The influential and innovative London-born rock guitarist Jeff Beck died on Tuesday at a hospital near his residence in Riverhall, East Sussex in southern England. According to a Facebook post on Wednesday, Beck “suddenly contracted bacterial meningitis” and “peacefully passed away.” He was 78 years old.
As one of numerous guitarists who came to international prominence during “the British Invasion” of the mid-1960s and beyond, Beck created a multitude of unique sounds and crafted his own playing techniques as he transitioned in and out of musical genres and styles over the decades.
Beck has been repeatedly listed as one of the greatest guitarists of all time. As recently as 2015, a Rolling Stone panel of top guitarists and music experts listed Jeff Beck at number five behind Keith Richards (Rolling Stones), Jimmy Page (Led Zeppelin), Eric Clapton and Jimi Hendrix.
Beck has sometimes been referred to as a “guitarist’s guitarist” because of his meticulous approach to playing and the fact that he inspired so many other noted players of the instrument during his lifetime. Rolling Stone has described him as “one of the most influential lead guitarists in rock.”
Perhaps Jeff Beck is still best known for his 20 months as the guitarist of the acclaimed English rock band the Yardbirds (1965-66). He joined the band within days of Eric Clapton’s departure in March 1965 over disagreements about the direction of the group.
Beck’s influence was immediately evident on the band’s second album For Your Love, which features his guitar work on three tracks and Clapton’s on seven others. In contrast to Clapton’s strict adherence to American blues, Beck favored and encouraged the Yardbirds to move toward experimentation and a broader range of influences.
With most British bands of that era moving away from the “pop” sounds associated with Elvis Presley, Buddy Holly, Little Richard and Chuck Berry and in the direction of an eclectic mix, Beck contributed a strong blues base combined with rockabilly, as well as Indian and Middle Eastern musical influences.
By the time of the Yardbirds’ self-titled third album in 1966, which became semi-officially known as Roger the Engineer, Beck’s lead guitar playing entered never-heard-before territory. As the New York Times put it on Wednesday, Beck’s “stinging licks and darting leads on songs like ‘Shapes of Things’ and ‘Over Under Sideways Down’ added an expansive element to the music that helped signal the emerging psychedelic rock revolution.”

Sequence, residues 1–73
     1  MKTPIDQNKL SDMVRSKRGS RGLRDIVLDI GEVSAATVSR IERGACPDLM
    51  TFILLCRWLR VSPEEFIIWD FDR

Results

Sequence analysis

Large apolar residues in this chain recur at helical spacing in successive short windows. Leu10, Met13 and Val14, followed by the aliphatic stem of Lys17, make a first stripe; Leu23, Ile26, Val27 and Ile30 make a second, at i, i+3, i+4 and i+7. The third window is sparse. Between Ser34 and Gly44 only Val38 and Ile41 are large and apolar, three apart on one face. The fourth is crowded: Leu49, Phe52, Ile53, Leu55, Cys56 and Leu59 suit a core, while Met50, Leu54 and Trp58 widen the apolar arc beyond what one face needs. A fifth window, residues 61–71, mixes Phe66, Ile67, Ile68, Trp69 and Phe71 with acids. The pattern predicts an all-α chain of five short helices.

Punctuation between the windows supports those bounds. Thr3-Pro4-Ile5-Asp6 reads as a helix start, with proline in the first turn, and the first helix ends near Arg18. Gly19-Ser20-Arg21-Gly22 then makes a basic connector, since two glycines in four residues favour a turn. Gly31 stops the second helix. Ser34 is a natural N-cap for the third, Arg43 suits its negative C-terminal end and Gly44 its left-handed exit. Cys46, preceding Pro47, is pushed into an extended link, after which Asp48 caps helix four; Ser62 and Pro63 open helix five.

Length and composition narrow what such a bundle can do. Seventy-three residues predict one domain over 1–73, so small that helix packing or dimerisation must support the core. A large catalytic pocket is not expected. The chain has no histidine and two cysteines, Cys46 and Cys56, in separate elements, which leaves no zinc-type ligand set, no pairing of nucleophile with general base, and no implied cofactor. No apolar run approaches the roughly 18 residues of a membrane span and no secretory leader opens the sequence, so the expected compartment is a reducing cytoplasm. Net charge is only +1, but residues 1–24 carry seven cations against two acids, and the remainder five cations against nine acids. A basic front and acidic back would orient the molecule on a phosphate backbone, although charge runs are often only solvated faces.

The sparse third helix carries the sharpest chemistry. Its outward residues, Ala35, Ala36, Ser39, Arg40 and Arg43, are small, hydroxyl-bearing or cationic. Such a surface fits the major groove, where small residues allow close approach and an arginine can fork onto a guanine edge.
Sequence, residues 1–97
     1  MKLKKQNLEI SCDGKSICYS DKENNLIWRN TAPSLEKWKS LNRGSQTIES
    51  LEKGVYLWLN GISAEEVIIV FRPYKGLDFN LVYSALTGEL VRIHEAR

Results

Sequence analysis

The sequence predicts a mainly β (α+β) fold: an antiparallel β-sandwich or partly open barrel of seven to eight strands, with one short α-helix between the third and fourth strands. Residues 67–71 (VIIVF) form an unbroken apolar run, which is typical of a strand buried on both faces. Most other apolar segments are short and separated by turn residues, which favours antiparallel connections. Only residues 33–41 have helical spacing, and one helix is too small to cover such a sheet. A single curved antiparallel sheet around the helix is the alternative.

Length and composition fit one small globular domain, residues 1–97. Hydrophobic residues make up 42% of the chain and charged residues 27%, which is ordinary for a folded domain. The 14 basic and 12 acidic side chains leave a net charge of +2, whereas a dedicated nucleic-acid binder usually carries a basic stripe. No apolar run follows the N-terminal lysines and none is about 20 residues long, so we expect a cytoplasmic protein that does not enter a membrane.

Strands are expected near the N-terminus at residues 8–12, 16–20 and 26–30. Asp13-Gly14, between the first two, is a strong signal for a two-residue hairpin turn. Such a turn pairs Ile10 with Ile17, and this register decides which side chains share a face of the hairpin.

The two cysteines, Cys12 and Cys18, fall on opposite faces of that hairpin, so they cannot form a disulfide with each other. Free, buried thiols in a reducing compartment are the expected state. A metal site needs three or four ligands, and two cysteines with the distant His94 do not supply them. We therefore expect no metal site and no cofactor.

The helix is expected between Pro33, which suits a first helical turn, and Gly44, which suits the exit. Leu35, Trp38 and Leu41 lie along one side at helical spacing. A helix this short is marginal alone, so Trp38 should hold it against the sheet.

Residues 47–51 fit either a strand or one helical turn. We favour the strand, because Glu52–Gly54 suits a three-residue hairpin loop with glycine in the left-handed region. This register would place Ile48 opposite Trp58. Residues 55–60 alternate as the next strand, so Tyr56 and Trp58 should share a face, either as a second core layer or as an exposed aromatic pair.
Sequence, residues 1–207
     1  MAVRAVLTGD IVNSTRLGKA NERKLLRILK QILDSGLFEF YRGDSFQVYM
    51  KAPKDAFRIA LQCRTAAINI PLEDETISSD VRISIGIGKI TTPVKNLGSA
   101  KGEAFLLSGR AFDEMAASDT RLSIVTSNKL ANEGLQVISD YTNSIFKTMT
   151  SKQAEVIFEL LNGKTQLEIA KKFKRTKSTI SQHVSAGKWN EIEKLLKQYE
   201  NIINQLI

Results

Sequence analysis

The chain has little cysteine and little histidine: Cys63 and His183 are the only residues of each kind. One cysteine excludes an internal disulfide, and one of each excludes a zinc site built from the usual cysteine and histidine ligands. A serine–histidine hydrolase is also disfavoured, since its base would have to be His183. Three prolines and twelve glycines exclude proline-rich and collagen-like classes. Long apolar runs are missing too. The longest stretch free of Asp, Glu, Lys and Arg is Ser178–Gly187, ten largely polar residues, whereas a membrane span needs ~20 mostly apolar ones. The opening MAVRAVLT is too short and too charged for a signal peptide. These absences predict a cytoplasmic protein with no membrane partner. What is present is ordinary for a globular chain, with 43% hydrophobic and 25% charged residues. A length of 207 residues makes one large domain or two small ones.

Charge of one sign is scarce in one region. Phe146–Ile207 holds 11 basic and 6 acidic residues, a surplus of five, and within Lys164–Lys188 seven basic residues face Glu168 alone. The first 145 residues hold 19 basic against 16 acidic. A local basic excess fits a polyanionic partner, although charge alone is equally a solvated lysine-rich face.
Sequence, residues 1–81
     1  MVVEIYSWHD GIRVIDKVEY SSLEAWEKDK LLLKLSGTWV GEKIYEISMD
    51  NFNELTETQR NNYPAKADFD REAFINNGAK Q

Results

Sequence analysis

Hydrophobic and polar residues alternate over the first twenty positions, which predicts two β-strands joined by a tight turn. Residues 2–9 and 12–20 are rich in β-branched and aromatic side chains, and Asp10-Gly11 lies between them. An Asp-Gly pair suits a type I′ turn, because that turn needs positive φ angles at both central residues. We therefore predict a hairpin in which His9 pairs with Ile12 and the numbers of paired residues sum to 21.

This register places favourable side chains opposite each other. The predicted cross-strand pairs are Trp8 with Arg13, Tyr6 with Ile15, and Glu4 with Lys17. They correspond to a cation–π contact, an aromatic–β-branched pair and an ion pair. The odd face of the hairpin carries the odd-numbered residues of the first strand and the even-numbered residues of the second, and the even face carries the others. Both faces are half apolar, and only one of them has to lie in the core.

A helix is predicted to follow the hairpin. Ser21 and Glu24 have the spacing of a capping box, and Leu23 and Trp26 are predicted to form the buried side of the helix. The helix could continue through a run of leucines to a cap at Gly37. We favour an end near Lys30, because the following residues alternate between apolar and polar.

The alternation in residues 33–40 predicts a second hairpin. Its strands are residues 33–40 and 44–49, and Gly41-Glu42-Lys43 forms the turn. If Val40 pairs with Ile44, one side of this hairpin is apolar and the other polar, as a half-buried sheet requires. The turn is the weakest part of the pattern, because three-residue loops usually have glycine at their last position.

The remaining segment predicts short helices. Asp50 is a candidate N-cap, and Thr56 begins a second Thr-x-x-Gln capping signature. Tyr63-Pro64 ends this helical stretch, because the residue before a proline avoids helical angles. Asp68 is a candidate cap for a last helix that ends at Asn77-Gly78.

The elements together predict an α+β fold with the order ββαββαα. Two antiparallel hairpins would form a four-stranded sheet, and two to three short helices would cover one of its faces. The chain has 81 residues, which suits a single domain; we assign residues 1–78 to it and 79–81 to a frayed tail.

Although his stint with the Yardbirds ended contentiously after a US tour in 1966—he later said, “every day was a hurricane in the Yardbirds”— Beck continued experimenting with and mastering the technology of the electric guitar.
As he began a solo career, Beck used items such as the whammy bar, wah-wah peddle and fuzz box, feedback and distortion to expand the range of expression of the instrument like almost no one else. He also pioneered certain fingering techniques with both hands such as hammer-ons, thumb pluck, string bends and harmonics that at times could make the guitar sound like a human voice.
He formed the Jeff Beck Group in 1967, which included vocals by Rod Stewart, Ronnie Wood on rhythm guitar and various bass players and drummers over the next few years.
It is a remarkable fact that the Yardbirds produced three of the most celebrated guitarists in rock music history—Clapton, Page and Beck. While the first two achieved mass popularity, Beck never did.
While the matter of superstardom in rock music is the result of an unpredictable mixture of corporate support, circumstances, timing and luck, it appears that Beck made a deliberate decision to move in a direction that was no guarantee of commercial or mainstream success. By taking his solo career in the direction of jazz fusion, guitar rock and strictly instrumental endeavors, Beck often continued to innovate without the elements, especially vocals, that so much of popular radio-play music depended upon.